Someone unboxed a Tintri T540 and as you can see on the pictures, the hardware was from Supermicro: http://www.vhipster.com/2014/03/26/tintri-lab-setup-part-1/
 
Last edited:

NetJunkie

[H]F Junkie
Joined
Mar 16, 2001
Messages
9,682
You aren't paying for the hardware on any current array. It's all commodity. Many startups, as you see, use SuperMicro. Why not? No reason to manufacturer their own. You're paying for the software and integration. You can't build anything that touches something like a Tintri from a usability perspective. It's not all about how many disks you can shove in a shelf.
 

KapsZ28

2[H]4U
Joined
May 29, 2009
Messages
2,114
You aren't paying for the hardware on any current array. It's all commodity. Many startups, as you see, use SuperMicro. Why not? No reason to manufacturer their own. You're paying for the software and integration. You can't build anything that touches something like a Tintri from a usability perspective. It's not all about how many disks you can shove in a shelf.

I understand that, but when they provide pricing for hardware and software it is hard to justify the cost of the hardware when you know approximately how much it costs to build. If they feel their software is worth that much, then why not charge $100k for the software? I know it is just moving the numbers around, but now I am also curious if it is less expensive to buy the Dell XC with Nutanix or if that also has a premium price tag.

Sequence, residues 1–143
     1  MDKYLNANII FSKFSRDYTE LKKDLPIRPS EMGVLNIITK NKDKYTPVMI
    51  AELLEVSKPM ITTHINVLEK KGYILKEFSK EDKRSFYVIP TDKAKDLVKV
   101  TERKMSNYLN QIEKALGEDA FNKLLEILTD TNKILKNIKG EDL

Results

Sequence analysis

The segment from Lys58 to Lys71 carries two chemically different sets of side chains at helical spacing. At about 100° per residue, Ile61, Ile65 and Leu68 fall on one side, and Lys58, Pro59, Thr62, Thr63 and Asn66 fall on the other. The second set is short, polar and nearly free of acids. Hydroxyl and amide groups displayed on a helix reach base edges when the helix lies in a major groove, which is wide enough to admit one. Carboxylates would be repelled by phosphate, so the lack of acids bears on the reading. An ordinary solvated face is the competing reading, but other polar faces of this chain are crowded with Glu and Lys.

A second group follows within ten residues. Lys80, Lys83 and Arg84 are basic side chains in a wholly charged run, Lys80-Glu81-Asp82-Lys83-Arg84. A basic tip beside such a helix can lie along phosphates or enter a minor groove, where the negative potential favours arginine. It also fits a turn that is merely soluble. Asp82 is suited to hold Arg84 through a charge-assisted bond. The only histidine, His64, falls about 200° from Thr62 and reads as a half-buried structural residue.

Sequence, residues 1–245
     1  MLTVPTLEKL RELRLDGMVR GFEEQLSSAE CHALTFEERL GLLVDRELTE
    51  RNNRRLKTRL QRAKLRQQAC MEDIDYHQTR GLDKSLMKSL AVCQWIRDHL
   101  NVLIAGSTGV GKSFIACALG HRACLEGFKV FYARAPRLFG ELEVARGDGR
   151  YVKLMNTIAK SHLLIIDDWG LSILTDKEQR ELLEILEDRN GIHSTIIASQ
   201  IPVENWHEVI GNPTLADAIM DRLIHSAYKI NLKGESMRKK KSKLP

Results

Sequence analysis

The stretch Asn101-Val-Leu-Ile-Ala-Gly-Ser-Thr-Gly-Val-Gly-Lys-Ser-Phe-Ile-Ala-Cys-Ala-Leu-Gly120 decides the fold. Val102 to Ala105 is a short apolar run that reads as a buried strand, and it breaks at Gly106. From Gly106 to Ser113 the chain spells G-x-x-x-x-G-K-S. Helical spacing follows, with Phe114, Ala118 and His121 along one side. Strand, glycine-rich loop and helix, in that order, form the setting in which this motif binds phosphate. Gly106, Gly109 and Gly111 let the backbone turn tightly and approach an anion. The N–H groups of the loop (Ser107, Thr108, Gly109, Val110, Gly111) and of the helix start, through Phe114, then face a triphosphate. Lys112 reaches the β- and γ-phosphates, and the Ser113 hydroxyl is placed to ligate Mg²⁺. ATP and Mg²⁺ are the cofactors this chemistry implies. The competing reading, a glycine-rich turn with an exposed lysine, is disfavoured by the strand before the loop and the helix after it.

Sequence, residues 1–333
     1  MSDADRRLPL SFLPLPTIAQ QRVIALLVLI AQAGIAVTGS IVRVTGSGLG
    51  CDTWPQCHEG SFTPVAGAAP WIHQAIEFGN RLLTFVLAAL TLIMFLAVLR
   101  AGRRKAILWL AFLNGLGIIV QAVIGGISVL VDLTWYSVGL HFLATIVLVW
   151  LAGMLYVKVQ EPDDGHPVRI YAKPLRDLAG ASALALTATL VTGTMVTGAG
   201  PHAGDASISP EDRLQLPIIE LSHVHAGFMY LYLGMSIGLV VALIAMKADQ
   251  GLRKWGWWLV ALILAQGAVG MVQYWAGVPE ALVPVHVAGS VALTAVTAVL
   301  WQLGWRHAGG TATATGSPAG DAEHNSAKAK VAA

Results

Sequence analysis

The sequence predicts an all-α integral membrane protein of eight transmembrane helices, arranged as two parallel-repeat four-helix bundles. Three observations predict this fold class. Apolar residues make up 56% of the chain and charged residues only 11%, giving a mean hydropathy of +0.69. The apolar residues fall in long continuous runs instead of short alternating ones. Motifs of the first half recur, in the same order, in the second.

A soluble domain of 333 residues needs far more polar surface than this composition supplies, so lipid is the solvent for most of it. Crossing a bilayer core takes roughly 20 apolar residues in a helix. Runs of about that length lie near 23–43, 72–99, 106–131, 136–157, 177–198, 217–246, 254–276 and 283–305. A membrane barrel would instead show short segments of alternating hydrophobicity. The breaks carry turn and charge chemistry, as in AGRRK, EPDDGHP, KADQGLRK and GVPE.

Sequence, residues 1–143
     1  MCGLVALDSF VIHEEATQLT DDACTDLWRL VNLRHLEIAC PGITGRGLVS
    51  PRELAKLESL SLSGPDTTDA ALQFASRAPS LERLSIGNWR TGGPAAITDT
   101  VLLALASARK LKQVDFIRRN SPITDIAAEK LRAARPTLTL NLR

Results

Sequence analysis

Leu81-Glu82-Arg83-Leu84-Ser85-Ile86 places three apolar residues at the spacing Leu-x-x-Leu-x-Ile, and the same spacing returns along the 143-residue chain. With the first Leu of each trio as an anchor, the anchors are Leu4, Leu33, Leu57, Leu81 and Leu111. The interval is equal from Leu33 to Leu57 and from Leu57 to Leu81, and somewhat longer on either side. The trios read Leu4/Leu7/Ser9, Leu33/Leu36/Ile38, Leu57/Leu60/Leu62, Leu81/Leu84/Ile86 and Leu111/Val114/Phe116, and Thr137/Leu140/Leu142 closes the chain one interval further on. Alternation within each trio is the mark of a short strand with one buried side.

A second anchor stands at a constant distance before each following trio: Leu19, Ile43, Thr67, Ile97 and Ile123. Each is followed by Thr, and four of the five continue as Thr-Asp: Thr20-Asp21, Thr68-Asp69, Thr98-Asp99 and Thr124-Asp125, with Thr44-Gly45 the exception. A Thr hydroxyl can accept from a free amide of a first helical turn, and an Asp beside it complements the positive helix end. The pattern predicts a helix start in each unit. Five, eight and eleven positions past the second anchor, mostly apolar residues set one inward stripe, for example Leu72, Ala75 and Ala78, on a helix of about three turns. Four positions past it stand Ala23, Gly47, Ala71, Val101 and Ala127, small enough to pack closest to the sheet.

I think the other issue may be discounting. Some of the big storage vendors discount 50-60% for small businesses. I don't know if that is the norm for all businesses including large enterprises. If I was a large enterprise paying nearly list price on EMC and then looking at Nutanix, then it may make more sense. But then again I have no idea how the price model works. I just know that it doesn't make sense with what we currently pay for enterprise storage and for what our needs are.
 

ND40oz

[H]F Junkie
Joined
Jul 31, 2005
Messages
12,673
I understand that, but when they provide pricing for hardware and software it is hard to justify the cost of the hardware when you know approximately how much it costs to build. If they feel their software is worth that much, then why not charge $100k for the software? I know it is just moving the numbers around, but now I am also curious if it is less expensive to buy the Dell XC with Nutanix or if that also has a premium price tag.

They can't just sell you the software if they're selling you a complete solution. Even if they are using commodity hardware, they still need to validate their software on that hardware. It's like asking why you can't just buy OSX to run on whatever hardware you want and then expecting Apple to support it all.